Owing to an increase of global unrest, we have heard much about the global refugee crisis. Because our country is not physically connected to the countries most affected by this unrest (like Europe, which is connected to the Middle East where many refugees are fleeing from), we mistakenly assume that there is nothing we can do to really help. This assumption is incorrect. There is more you can do than just donate money to refugees in Europe. There are refugees here in the United States. There are refugees struggling in Utah. Dr. Stacey Shaw, one of our new professors and a collaborator with the International Rescue Committee, says that the IRC resettled 1,245 people as refugees in Utah in its last fiscal year. The main countries of origin for these people were the Democratic Republic of the Congo, Somalia, Iraq, Burma, Syria, Afghanistan, Bhutan, Sudan, Eritrea, Burundi, Central African Republic, and Iran. Most of them are being resettled in Salt Lake County and a few are going to Ogden, but agencies are also considering possibilities for resettlement in Utah County and St. George. She advocates, as do others, helping them, not only because of their obvious need but also out of sheer empathy.
“If we could see, hear, smell, touch, and feel what people are experiencing, I believe we would live differently,” she says. “[Like] Cecilia Razovsky, who was a great advocate for refugee resettlement and services during World War II when Americans were resistant to immigration in ways that are very similar to what is happening today, [we should recognize that], ‘When you are asked to help in the cause, bear these things in mind and say with others- There but for the grace of God, go I!’ Elizabeta Jevtic-Somlai, visiting professor of political science, adds, in a recent BYU Magazine article, “Look at refugees as human beings, not as a service project. If you want to extend yourself, be a real friend and be there. Do small, consistent acts rather than a one-time project. Really assess, ‘What can I do?’ and ‘What am I willing to do?’ If you can do more, a practical way to help is to create opportunities for self-reliance.”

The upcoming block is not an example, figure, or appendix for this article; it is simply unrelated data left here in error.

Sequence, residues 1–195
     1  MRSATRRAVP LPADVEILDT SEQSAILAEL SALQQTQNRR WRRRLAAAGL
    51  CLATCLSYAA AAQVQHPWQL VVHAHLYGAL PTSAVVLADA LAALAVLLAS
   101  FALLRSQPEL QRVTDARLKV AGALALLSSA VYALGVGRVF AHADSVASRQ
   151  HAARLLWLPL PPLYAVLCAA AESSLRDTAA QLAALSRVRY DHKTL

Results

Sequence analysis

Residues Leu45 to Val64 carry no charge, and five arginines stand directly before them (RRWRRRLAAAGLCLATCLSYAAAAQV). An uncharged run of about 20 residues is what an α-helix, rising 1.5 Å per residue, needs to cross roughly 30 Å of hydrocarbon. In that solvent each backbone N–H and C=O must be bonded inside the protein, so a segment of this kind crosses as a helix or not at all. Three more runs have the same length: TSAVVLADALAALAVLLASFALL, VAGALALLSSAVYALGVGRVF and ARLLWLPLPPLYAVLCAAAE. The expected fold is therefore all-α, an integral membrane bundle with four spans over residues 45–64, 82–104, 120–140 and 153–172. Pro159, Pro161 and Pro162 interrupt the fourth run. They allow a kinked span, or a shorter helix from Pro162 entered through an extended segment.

For that very purpose, a club has been organized at BYU, to help BYU students empower refugees.
Join the Refugee Empowerment Club
The Refugee Empowerment Club offers students the opportunity to become aware of the refugee crisis in Utah and around the globe. It also gives students opportunities to serve refugees. The goal of the club is to change the community in to a more understanding, unified, and empowering place to thrive. Dr. Shaw said of the club, “It is great to see students interested in learning more about refugee issues and finding ways to serve.”
Students Norma Villenueva and Rachel McAllister created the club to help students know where to start in supporting refugees.
“We realized there wasn’t one source for students who want to get involved in refugee resettlement and the issues with that,” says McAllister, “So we started researching and compiling those resources and were connected with some other individuals who wanted to create a formal organization.” The Refugee Empowerment Club meets twice a month on Wednesdays in the FLAC in the basement of the JFSB. One meeting will be the speaker series (mentioned below). The other meeting is an involvement activity. The club helped with the Spice Kitchen Incubator project for the International Refugee Committee. They also had a refugee cultural night. The club’s involvement activities are chosen based on the refugee’s current needs and the interests of the club members. The Refugee Empowerment Club has the following events in the works:
- a cultural night in collaboration with SID on Thursday, November 17
- a refugee-run catering service where participants can buy the cultural foods sold by refugees
- an evening to write letters to Congress and the UN to urge better human rights practices related to refugee resettlement
- a benefit concert to raise money for refugees (Fall 2017)
The Refugee Empowerment Club will begin a speaker series about the refugee crisis. In the series, a member of main organizations in refugee resettlement and assistance in Utah, or refugees themselves, speak about specific refugee issues, their organization, and how to get involved. The first speaker will be the director of the Women of the World organization, Samira Harnish. She will speak about what it’s like to be a refugee, and especially the experience of female refugees. Harnish’s speech will be on November 30 from 7:00-8:30 p.m. in Kennedy Center’s main conference room.
If participating in any of the club’s activities is not a possibility for you, you could consider these opportunities as well: